One was the 2010 U.S. Intellectual Property Enforcement Coordinator (IPEC) Annual Report on Intellectual Property Enforcement (a bit of a redundant name).   This Report chronicles the Department’s efforts in the past year to strengthen intellectual property enforcement in order to create jobs, protect American business domestically and internationally, and protect consumers.  One of the ways IPEC is doing this is through various actions to combat the sale of counterfeit drugs, including drugs that either are ineffective or are actually harmful to patients.

The other was a new book from MIT Press, Access to Knowledge in the Age of Intellectual Property, edited by Gaëlle Krikorian and Amy Kapczynski.  Krikorian and Kapczynski provide a collection of essays that chronicles the history of thinking of the Access to Knowledge social movement, which includes activists working to open up intellectual property with regard to drug patents in the developing world, indigenous farmers anxious to preserve access to traditional seeds and plants, students involved with the free culture and open access movements, and many others .

Two essays on drug patents and the developing world caught my attention.  The first, “The Revised Drug Strategy: Access to Essential Medicines, Intellectual Property, and the World Health Organization,” chronicles the process and struggle of developing the Model Lists of Essential Medicines through the World Health Organization.  A place on the list allows a developing country to issue a compulsory license for that drug.    The second, Sangeeta Shashikant’s essay on “The Doha Declaration on TRIPS and Public Health,” points out the problems of “evergreening” to extend the life of patents and concerns about supplies of generic medicine in developing countries since treaty obligations required India to start issuing pharmaceutical patents in 2005.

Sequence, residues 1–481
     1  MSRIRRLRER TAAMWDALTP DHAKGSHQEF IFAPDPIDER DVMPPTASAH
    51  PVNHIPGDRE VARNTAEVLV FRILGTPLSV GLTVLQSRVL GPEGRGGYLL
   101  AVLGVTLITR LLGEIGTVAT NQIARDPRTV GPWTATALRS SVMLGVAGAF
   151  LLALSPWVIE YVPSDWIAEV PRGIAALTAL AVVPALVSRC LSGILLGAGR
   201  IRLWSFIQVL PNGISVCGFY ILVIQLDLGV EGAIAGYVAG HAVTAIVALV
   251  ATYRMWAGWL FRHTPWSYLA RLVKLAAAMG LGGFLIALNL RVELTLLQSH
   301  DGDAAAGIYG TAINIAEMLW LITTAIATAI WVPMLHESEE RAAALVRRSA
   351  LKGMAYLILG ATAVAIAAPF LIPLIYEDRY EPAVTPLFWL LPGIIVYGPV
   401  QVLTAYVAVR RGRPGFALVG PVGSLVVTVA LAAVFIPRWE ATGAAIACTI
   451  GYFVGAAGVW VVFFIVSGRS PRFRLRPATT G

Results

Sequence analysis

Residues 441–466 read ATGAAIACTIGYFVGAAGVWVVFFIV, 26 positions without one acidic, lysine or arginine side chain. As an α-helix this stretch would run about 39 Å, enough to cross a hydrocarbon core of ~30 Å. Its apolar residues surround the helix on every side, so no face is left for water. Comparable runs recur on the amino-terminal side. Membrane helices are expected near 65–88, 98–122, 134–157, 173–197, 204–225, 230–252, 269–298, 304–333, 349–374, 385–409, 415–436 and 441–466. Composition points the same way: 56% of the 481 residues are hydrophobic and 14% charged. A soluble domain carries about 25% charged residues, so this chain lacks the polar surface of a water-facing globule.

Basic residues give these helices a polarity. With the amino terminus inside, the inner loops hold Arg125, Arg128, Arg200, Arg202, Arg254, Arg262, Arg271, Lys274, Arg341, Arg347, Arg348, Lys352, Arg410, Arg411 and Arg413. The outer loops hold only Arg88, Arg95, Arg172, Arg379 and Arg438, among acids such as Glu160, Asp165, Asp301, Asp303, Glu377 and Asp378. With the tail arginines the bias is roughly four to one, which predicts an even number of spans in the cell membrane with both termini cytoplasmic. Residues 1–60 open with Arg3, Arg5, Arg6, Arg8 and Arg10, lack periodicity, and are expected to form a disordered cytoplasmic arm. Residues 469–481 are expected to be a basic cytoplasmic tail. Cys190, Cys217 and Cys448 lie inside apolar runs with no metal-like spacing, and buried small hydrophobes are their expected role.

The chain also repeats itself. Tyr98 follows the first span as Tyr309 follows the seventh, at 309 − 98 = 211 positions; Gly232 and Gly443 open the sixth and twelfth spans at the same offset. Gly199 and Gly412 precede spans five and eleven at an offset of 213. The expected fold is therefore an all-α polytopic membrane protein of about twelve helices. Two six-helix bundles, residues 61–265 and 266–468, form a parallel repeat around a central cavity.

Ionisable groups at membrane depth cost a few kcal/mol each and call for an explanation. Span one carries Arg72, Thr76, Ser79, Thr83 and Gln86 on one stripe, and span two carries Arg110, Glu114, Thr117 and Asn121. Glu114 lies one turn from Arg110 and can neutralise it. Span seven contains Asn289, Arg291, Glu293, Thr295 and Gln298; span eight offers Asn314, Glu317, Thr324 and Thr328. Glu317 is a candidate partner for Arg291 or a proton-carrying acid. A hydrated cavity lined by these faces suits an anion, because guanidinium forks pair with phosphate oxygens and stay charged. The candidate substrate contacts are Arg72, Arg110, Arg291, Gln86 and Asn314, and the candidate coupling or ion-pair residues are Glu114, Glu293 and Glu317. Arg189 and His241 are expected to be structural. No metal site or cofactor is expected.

Although no one wants the sale of medicines that are ineffective and harmful—the IPEC report mentions the sale of a counterfeit medicine that contained an ingredient used to make sheetrock—here are two very different ways of describing the problem and its solution.

January 28 is Data Privacy Day, 2011

January 28, 2011 is Data Privacy Day.  Sponsored by a variety of businesses, universities, not-for profit organizations, and governmental entities, the purpose of Data Privacy Day is to encourage dialogue about “digital lives in a networked world.”  Privacy is on many people’s minds right now, as we grapple with the often-conflicting desires to reveal and conceal information about ourselves online.

Here are some recent news items about privacy, plus resources that I consult regularly for information:

Here at OSU, the Office of the CIO has resources about privacy, security, and safe computing at Buckeye Secure.

Recently, there was an interesting investigative piece in the Wall Street Journal on personal data sharing from smartphone apps.  One of the offenders they single out Pandora, one of the most popular apps  (and one I use heavily, sigh).

On Wednesday, January 26, Facebook announced that it can now be used completely via https for additional privacy and security.  Also, in some cases, it will start requiring social authentication through identifying people in photographs rather than through the more commonly-used captchas.  

The International Association of Privacy Professionals  has a Knowledge Center with many links and articles about privacy.  It’s a good place to get some background reading or keep up with the latest information on the subject.

Daniel Solove  is one of my favorite writers about privacy and the law.  Two of his recent books, Understanding Privacy and The Future of Reputation: Gossip, Rumor and Privacy on the Internet are thoughtful and accessible to the non-lawyer.  He will publish Nothing to Hide: The False Tradeoff Between Privacy and Security this year.